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BradWesley123's Movie Journal- June 2019
Movie list created by BradWesley123
Sort by: Showing 39 items
Decade: Rating: List Type:
X-Men: Days of Future Past (2014)
Deadwood: The Movie (2019)
HBO Now- 1hr. 51min.
Though it doesn't reach the heights that the original series did, Deadwood: The Movie is a bittersweet, satisfying, fitting goodbye to the landmark HBO series. The biggest hurdle that the film has to clear, aside from 15 years worth of audience expectations, is the closing out such an expansive story, and world, in under two hours. It has a bit of trouble doing this in the first act, as the film just has too much to do; reintroduce old favorites, reacquaint the audience with the world, introduce an inciting event. As the film settles into it's story however, and the characters all make there returns (some get much less than others, but the film does justice to most), the film hits its stride, and is as enjoyable as some the series' finest episodes. It all climaxes to a loving, surprisingly empathetic, melancholy ending. This time of cutthroats and cocksuckers has come to an end, now for the ages; let it fuckin' stay there.
Monthly Wesley AwardsBest Ensemble Performance
Best Adapted Screenplay- David Milch
Best Cinematography- David Klein
Best Costume Design (Period)- Janie Bryant
The Upside (2017)
DVD- 2hrs. 6min.
Much like the film it's remaking (2011's French hit The Intouchables), when The Upside works, it's largely due to the work of it's leads. While, admittedly, the film is reasonably well-made, with suitably low-key craft, it rests on the work of Cranston and Hart. The story is boilerplate overly maudlin, melodramatic, faux-uplifting hooey, rendering most moments overly-done, but the lead duo's work keeps the film chugging along, succeeding far more than it has any right to. Both do strong individual work, as well as exceptional work together. Together, they work mightily to make this thing a harmless, amiable affair; i.e. a semi-success.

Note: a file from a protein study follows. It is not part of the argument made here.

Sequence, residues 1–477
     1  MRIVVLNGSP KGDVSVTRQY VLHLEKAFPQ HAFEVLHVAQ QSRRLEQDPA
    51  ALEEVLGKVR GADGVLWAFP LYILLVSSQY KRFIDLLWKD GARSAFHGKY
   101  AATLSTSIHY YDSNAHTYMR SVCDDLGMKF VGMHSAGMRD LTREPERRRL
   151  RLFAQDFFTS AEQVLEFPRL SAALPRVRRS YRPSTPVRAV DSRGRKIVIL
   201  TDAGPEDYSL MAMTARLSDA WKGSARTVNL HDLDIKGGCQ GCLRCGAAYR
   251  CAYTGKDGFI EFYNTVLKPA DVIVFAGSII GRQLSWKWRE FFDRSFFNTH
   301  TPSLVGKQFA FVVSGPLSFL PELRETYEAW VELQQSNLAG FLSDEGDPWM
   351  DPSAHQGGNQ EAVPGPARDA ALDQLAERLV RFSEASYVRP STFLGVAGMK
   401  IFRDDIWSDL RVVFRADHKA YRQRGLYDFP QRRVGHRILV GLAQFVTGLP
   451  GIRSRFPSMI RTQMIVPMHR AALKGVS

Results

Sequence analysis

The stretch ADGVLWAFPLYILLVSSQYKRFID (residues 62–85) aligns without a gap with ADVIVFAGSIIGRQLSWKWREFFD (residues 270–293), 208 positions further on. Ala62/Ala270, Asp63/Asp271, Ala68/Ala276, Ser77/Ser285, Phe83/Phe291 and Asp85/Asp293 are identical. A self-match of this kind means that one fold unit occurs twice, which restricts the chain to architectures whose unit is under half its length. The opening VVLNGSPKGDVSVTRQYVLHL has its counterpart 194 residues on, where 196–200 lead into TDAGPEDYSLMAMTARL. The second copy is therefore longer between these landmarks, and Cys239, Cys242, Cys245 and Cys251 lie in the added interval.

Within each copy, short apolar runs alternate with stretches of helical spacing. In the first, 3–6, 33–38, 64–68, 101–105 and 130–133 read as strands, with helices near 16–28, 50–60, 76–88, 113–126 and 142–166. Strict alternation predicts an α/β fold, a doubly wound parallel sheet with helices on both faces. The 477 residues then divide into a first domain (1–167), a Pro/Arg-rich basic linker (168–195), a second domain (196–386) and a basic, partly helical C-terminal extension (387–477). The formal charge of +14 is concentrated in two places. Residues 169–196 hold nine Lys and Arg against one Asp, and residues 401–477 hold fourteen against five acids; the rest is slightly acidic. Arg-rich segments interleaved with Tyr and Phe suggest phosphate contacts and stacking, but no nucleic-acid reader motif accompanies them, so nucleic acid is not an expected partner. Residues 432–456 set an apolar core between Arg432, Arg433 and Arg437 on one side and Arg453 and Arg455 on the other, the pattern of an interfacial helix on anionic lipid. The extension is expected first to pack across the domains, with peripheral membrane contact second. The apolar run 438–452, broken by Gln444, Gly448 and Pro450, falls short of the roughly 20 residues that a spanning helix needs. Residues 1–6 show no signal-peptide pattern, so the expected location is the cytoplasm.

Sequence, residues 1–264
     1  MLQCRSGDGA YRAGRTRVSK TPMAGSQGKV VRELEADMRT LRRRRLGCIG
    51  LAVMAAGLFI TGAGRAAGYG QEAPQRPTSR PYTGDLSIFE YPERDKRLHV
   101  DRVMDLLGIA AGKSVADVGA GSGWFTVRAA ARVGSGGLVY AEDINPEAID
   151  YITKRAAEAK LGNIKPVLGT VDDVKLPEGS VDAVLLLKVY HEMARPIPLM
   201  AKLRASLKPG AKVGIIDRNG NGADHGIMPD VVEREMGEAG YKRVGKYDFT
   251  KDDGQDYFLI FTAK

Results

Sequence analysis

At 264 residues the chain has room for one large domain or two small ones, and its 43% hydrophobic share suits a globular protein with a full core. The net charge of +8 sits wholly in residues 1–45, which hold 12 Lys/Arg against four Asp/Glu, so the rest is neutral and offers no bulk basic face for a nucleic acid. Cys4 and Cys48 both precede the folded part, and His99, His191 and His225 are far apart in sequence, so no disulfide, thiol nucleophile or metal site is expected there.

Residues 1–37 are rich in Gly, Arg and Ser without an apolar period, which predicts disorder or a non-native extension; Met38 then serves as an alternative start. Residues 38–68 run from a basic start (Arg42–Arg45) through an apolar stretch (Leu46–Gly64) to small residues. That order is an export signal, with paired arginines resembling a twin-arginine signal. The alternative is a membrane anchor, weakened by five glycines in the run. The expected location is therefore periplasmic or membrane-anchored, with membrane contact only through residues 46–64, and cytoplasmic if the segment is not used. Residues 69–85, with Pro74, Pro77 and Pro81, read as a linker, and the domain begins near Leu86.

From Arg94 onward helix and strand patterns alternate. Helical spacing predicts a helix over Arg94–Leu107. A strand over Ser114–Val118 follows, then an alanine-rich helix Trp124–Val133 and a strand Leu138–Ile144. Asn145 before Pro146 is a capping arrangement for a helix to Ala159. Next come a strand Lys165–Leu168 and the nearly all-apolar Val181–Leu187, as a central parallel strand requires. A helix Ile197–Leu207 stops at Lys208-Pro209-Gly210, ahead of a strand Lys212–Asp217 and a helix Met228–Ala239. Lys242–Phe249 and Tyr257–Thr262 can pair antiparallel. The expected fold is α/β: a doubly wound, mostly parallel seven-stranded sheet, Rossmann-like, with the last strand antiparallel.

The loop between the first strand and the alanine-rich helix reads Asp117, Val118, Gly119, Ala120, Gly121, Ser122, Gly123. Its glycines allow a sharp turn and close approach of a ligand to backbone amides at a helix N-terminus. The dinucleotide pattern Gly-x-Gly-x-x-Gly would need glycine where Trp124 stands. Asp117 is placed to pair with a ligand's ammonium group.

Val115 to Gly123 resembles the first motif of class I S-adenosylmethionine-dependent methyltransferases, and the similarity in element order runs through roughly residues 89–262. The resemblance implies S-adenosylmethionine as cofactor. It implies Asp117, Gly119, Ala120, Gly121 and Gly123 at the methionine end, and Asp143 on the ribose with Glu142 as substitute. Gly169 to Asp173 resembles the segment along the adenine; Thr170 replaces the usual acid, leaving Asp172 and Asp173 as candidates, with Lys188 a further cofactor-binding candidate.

X2: X-Men United (2003)
X-Men: The Last Stand (2006)
Dante's Peak (1997)
Hulu- 1hr. 49min.
My bar was low for this one; all it had to do was top Volcano, and give me some solid disaster set pieces. It did not. In fact, Dante's Peak is shockingly dull. It's got a pair of bland lead characters, though Hamilton does charm occasionally, and filmmaking that adds little tension into the film. It's one of those films that starts off pretty solidly, then slowly but surely loses intrigue, to the point where the ending is irrelevant. Some of the effects work, but there's no pacing with the thrills; it's just lights and sounds that the filmmakers hope will inspire viewers to care. Didn't work for me.
Monthly Wesley AwardsWorst Picture
Best Visual Effects
X-Men: First Class (2011)
Morning Glory (2010)
Amazon Prime- 1hr. 47min.
The story lacks cohesion and poor structure hampers character beats (it's too repetitive for too long, then progress is too quickly reversed), it also relies heavily on staid cliches, but Morning Glory mostly succeeds thanks to a terrific cast, frothy material, and energetic filmmaking. This is one of those, very common, films where the script holds it back; the bones are there, and there's a lot of solid material, but it just can't get out of it's own way, going for the easy outs nearly every time. There's a lot to like here though. Director Roger Michell keeps the thing going with controlled verve, taking the positives the script has an exploiting the best out of them. The cast, too, is quite strong. Despite the manipulative nature of the relationship, Ford and McAdams' bond has some surprisingly potent resonance, granting the film the emotional undercurrent that, ultimately, makes it a winner.